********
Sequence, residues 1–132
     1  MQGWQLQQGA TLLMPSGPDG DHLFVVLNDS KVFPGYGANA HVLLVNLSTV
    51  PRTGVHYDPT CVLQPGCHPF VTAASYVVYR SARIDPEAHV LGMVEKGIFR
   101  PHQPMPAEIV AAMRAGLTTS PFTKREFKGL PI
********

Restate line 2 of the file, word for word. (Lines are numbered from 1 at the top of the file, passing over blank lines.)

     1  MQGWQLQQGA TLLMPSGPDG DHLFVVLNDS KVFPGYGANA HVLLVNLSTV